The Nutcracker, Royal Ballet | reviews, news & interviews
The Nutcracker, Royal Ballet
The Nutcracker, Royal Ballet
Faultless production works its magic afresh
With its hybrid Romantic-kitschy plot, chocolate-advert Tchaikovksy tunes, and baggage of obligatory Christmas cheer, the Nutcracker is harder to get right than you might think if you've only ever seen Sir Peter Wright's Royal Ballet version, now over 30 years old and still practically perfect in every way.
The production is the result of research into the St Petersburg original, as well as revisions added 15 years ago to incorporate ideas from the Nutcracker Wright did for Birmingham Royal Ballet, but it feels as effortless, inevitable and magical as a fairytale's "once upon a time". Part of the credit goes to Wright's story treatment, which neatly solves the inherent disjunction between the story-heavy first act and dance-heavy second by getting Drosselmeyer as a magician to direct everything, and having Clara and the Nutcracker dance in the Kingdom of the Sweets rather than merely watching.
It's a masterclass in doing a classic well, and will leave children and adults alike in buoyant Christmas spirits
But even the best story is nothing if not told well, and the dancers of the Royal Ballet do it marvellously. Tall Gary Avis as Drosselmeyer is your favourite friendly-mysterious uncle (a touch of the Peter Capaldi Doctor about him), and Alexander Campbell is charming as his Nutcracker-shaped nephew, clean and sparkling as a penny whistle in his red and gold uniform and executing big jumps with all the flair of a principal. Francesca Hayward is a gifted young ballerina on the rise at the company, having made her debut as MacMillan's Juliet earlier this season, and while I admired her Clara two years ago, this year I was even more delighted.
Petite and wide-eyed enough to play a child, but with a mature confidence in her musicality and deliciously nonchalant technical competence that position this Clara carefully on the same cusp of adult sensuality as Juliet, Hayward lights up the stage whenever she's on it (which is most of the time) and, with Campbell, makes the pas de deux just before the Land of Ice and Snow one of the dance highlights of the entire show, a delicious snapshot of innocent romance. Though visiting Romanian principal Iana Salenko as the Sugar Plum Fairy and the Royal Ballet's own Steven McRae as her prince are both exquisitely refined in the Petipa/Ivanov grand pas de deux that crowns Act II, it is recalling the fresh happiness of Hayward and Campbell that still makes me smile two days later.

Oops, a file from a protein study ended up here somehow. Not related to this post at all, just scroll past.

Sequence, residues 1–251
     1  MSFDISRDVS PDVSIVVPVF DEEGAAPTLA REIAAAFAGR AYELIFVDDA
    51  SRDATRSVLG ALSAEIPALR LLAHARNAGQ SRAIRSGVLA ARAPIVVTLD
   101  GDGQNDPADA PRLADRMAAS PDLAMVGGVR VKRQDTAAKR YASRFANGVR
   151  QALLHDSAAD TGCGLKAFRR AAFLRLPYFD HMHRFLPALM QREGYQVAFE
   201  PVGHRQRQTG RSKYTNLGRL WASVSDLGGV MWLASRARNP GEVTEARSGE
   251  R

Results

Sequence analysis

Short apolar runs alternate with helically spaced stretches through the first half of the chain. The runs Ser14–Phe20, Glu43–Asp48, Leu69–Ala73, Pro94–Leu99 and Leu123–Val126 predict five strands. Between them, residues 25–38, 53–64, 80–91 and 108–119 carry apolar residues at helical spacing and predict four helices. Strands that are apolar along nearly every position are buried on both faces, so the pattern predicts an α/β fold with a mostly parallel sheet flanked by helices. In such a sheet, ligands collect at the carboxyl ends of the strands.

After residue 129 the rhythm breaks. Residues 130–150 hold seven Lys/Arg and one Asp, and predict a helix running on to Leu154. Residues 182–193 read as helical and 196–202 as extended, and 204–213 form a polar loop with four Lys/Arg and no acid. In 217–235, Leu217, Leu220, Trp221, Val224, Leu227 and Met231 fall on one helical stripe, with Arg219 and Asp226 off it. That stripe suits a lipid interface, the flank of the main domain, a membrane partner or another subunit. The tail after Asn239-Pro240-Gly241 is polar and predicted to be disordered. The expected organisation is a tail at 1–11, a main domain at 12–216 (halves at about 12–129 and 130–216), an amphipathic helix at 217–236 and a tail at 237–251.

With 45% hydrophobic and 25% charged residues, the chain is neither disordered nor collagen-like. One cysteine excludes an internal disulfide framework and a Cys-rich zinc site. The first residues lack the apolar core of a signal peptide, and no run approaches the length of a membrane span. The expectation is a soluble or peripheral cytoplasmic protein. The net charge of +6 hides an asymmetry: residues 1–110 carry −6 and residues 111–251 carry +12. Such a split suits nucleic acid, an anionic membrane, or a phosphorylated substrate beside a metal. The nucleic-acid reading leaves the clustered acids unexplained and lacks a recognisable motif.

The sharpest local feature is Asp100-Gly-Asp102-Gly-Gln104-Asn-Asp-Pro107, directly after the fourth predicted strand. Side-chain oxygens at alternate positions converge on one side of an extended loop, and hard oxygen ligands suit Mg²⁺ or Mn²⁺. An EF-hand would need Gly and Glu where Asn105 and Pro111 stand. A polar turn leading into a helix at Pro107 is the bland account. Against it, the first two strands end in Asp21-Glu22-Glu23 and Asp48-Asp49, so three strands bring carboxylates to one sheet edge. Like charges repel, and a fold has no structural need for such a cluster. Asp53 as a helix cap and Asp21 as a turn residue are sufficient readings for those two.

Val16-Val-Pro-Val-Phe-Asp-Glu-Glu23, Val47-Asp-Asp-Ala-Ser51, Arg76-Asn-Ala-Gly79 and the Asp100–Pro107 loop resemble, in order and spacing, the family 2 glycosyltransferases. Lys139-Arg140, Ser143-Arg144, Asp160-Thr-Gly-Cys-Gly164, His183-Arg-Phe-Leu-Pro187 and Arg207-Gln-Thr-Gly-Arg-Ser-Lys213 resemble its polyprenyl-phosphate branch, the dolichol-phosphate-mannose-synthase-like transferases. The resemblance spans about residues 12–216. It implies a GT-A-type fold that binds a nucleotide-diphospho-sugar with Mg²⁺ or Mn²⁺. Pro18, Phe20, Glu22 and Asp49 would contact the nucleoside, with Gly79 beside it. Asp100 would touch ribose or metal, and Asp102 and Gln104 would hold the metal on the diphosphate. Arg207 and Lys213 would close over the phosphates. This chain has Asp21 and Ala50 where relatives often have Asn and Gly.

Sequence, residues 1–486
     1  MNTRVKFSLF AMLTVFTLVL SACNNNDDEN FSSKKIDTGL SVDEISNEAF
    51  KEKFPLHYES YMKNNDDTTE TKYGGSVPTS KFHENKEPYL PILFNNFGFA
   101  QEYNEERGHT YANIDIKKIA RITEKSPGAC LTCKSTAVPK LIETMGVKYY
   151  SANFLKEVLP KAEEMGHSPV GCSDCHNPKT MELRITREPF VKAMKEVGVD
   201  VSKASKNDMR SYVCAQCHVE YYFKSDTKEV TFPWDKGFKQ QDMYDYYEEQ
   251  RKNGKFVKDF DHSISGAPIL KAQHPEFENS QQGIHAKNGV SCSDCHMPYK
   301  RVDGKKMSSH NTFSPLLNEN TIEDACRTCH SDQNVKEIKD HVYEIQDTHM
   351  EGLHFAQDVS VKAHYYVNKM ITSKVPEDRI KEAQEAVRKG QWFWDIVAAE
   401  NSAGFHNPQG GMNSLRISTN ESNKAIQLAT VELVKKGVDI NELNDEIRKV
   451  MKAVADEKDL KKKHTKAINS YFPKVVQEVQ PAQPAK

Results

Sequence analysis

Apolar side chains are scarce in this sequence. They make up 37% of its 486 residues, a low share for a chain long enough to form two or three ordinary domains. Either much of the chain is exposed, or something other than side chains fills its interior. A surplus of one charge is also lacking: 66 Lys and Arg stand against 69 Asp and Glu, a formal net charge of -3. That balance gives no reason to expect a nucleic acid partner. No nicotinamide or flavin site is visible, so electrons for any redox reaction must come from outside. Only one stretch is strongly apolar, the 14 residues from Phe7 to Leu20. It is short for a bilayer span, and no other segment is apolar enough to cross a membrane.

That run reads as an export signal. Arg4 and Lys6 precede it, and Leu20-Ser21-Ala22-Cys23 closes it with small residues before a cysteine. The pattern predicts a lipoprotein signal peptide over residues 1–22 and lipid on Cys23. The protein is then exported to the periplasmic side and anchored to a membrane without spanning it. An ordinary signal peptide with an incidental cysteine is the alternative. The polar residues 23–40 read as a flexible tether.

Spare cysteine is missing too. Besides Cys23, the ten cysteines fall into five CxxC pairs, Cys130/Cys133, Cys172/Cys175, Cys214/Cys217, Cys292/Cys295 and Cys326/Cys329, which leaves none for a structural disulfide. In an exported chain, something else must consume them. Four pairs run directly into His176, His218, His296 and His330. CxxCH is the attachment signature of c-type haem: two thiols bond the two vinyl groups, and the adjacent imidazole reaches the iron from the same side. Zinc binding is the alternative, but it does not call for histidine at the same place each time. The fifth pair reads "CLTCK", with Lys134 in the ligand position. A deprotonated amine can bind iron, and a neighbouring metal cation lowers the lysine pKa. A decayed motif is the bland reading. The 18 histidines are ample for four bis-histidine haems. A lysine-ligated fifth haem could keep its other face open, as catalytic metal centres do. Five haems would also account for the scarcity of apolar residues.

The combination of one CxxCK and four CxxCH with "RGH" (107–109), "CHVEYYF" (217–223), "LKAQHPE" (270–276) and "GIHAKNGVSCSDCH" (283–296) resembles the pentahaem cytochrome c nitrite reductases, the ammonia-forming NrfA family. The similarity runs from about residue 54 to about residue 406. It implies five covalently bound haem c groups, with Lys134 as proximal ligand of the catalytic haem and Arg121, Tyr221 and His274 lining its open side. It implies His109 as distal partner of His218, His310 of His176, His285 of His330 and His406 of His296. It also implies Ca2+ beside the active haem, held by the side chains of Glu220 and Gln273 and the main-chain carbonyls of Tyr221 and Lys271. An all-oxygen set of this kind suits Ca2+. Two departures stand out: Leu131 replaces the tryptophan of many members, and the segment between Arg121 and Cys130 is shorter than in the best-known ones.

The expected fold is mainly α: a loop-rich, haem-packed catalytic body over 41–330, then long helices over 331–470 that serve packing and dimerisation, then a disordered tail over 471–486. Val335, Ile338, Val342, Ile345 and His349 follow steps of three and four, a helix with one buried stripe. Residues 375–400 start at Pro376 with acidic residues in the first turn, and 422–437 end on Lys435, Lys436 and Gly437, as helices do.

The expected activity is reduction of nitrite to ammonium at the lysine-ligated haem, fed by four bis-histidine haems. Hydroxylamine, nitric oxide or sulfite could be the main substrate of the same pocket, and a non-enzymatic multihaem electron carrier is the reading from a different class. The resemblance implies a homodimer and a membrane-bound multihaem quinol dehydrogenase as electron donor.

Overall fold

There are plenty of other reasons to smile when thinking of this production, with Wright, his designer Julia Trevelyan-Oman, and the production team all unsparingly ladling on loving details. An owl-shaped clock that moves its head! A snowy North German townscape straight off a marzipan tin! An enormous Christmas tree whose doubling in size would surely delight even the grinchiest grown-up! Glitter that falls out of Drosselmeyer's hat, and cloak, and hands, and the sky! My personal favourite is the Mouse King's sexy gold mohican, which with his spray-on tights and extra-long tail gives him a raffish David Bowie air that makes up for a total lack of scariness in the mice vs soldiers confrontation.
Boris Gruzin's conducting is rather workaday – how I would love to hear new music director Koen Kessels work his life-bringing magic on the score, but only audiences in Birmingham will have that treat this Christmas season. Still, no-one seeing the Royal Ballet Nutcracker is going to feel short-changed: it's a masterclass in doing a classic well, and will leave children and adults alike in buoyant Christmas spirits.
- See The Nutcracker at the Royal Opera House until 14 January
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